I currently use an Intel Apple Mac Mini that I upgraded as a daily driver for my work. I’ve been quite excited about the prospect of the M1 processor and the performance and power efficiency it has on offer.
However, I just can’t bring myself to buy one of these yet. Why? It’s like those older Windows Service Pack updates you would always hold off on installing. Sometimes you’re setting yourself up for disaster by adopting something new and shiny without it proving itself first.
Edit (8/7/2022): Apple M2 hardware is now releasing, and many of the issues I describe below for M1 will hopefully no longer be relevant. The platform is more mature now, and many issues have been ironed out. Node 16 is more prevalent everywhere too. I still stand by my views aroud the right to repair issues though.
Apple M1 turns 1, but still has room for improvement
Tomorrow, the Apple M1 will have officially been on the market for exactly 1 year (Apple M1 was officially released on November 11, 2020). I still don’t think it has proven itself yet, or had the kind of mass adoption needed to bring about software maturity.
I’ve read countless threads, articles, and comments around the interweb that highlight problems and shortfalls that I just don’t see on my Intel based Mac Mini 2018 model. Here are some examples:
- M1 MacBook Pro and Max models crashing when playing YouTube HDR videos.
- Initially, M1 Mac products experienced heavy SSD wear. This appears to have now been resolved with macOS 11.4, but its a prime example of early, unproven products having issues. It’s also possible that there were more failures due to bad SSD controllers, rather than cell wear, but still, worrying stuff.
- Memory leaks are crippling my M1 MacBook Pro
- An Apple Silicon Mac won’t boot if the internal storage has failed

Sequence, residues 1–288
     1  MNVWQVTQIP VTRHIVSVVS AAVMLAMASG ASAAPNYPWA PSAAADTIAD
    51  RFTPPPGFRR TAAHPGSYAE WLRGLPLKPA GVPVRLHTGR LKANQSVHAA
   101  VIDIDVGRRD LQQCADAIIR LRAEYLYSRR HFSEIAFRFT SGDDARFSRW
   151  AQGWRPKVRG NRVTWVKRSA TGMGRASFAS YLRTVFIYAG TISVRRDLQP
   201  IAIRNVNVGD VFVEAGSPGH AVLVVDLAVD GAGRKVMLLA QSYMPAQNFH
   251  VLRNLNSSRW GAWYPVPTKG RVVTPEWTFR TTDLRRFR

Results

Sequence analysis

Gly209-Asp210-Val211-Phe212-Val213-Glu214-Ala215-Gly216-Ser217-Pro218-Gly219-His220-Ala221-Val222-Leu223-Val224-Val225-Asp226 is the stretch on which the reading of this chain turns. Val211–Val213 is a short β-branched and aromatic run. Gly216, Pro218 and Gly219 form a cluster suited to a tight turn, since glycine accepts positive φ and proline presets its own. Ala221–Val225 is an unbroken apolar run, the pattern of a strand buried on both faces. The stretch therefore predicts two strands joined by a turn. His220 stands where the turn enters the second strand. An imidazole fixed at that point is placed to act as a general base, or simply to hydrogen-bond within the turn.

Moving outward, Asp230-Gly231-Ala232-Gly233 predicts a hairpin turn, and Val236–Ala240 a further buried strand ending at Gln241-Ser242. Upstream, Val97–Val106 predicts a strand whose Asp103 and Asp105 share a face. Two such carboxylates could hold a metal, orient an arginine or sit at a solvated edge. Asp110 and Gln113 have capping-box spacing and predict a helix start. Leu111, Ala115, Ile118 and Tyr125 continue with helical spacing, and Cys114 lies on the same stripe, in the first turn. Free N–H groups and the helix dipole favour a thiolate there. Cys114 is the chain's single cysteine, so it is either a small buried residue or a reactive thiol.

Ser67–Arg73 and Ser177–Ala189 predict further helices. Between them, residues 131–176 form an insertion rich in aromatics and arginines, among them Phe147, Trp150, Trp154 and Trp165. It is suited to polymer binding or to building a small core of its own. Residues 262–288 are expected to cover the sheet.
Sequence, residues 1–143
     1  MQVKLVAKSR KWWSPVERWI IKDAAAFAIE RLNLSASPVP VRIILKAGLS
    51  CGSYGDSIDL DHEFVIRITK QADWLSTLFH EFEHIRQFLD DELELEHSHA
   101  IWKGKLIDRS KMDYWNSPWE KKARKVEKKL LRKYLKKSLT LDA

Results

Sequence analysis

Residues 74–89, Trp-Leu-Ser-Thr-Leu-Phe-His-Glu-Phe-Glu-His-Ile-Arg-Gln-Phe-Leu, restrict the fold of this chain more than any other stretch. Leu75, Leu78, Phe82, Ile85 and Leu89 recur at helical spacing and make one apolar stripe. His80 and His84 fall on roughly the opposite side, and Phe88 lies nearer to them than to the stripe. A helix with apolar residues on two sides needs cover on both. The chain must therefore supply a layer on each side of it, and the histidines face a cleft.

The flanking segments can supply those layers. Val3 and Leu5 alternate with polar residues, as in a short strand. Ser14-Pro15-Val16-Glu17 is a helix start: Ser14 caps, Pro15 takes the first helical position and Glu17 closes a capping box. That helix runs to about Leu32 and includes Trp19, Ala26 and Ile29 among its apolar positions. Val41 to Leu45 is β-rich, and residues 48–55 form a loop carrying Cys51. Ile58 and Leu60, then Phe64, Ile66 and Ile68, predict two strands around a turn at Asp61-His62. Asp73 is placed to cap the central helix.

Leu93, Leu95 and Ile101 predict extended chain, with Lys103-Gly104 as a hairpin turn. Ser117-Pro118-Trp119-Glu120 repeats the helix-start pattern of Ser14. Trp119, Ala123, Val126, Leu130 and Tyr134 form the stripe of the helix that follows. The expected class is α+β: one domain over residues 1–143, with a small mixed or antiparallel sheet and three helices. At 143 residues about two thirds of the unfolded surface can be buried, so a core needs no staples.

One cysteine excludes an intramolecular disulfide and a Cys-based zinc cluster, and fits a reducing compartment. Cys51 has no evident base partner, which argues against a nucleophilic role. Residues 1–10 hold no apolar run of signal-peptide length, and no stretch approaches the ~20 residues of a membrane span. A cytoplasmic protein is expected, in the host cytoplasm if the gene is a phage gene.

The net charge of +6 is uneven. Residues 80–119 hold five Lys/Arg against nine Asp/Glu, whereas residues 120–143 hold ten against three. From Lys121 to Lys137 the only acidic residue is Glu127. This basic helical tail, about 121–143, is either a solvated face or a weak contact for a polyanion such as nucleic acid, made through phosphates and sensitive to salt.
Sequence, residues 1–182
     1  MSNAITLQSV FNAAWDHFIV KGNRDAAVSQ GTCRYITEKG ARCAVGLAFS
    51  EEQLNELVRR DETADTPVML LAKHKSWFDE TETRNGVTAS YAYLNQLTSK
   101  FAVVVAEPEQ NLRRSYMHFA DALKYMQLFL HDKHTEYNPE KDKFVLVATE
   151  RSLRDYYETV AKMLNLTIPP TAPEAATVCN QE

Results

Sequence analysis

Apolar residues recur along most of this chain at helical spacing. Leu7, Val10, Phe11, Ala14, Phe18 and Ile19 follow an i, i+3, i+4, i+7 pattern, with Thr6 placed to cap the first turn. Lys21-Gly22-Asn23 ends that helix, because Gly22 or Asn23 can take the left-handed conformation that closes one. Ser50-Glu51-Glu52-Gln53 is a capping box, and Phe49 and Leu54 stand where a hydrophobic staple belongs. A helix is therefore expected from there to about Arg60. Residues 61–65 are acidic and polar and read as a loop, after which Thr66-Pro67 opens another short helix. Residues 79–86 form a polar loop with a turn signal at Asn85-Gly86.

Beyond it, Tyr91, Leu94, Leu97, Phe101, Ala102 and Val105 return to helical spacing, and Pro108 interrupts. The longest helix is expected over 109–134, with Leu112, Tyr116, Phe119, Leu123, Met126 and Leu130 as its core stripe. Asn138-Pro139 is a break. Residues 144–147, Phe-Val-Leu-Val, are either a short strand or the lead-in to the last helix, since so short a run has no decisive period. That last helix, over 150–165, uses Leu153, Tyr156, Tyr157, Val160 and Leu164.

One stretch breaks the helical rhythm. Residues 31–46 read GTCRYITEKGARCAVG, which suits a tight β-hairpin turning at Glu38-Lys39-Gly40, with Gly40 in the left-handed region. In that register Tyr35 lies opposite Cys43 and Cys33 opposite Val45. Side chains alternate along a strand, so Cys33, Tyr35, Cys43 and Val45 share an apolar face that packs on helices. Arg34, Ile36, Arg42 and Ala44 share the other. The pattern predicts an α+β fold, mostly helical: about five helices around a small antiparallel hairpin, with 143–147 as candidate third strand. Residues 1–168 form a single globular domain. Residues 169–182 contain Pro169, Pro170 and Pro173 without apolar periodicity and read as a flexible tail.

- Docker support lagged with M1. Early adopters soon realised that many of their favourite day-to-day Docker images were not built with the M1 architecture/platform. Support lagged in many places, (and still does for more niche software). Some users were caught off guard as they didn’t think about this when “pulling the trigger” on Apple Mac M1 purchases.
I’ve also spoken with colleagues who upgraded to M1 and have reported that certain Node.js applications are much slower on M1 than they were on their older, Intel based macOS systems.
I use node a lot for work, and this is a worrying thing to hear. I looked it up, and sure enough there are plenty of experiences from others that report issues with Node, and NVM on Apple silicon.
- NVM runs very slow on M1
- Mac Mini M1 issues with Node.js versions < 15. Apparently this is a lack of ARM support for Node versions < 15.
UMA and our right to repair
I am not convinced about Apple’s Unified Memory Architecture (UMA) being all sunshine and roses. The memory bandwidth up for offer sure is enticing, but what about upgradeability and repair?
Apple is making sacrificing one thing for another. Now, if the memory built into the logic board fails, the entire board needs replacing.
What about upgradeability? With my Mac Mini 2018, I bought the (much cheaper) 8GB model. I then purchased 32GB SODIMM RAM modules at half the price of what Apple wanted to charge me. I performed the RAM upgrade myself.
With M1 I cannot do that anymore.
Intel is where it’s at for me
My current Mac Mini is great in terms of memory and SSD performance. However it has an anaemic Core i3 processor that is crippling overall performance. For example, Slack’s renderer process brings all 4 logical cores to their knees if I do a screenshares.
I definitely should have opted for the i5 when I purchased this model.
However, there is light at the end of the tunnel. Apple still sell Intel-based Mac Minis. They do hide it out of sight where you need to scroll to the bottom of their product page, but at least they’re there.
As a society we should be more cautious with early adoption and “jumping on the band wagon”. We should wait for issues to be resolved, or at least “day 1” patches to be released in the case of software. Assess the severity of problems at launch and wait for product maturity before taking the plunge. I try to use this same philosophy with games. The industry has moved to “early access” and we’re all being taken along for the bumpy ride.
For now my hardware upgrade path is clear – an Intel-based Mac Mini with a 3.0GHz 6-core 8th-generation Intel Core i5 processor.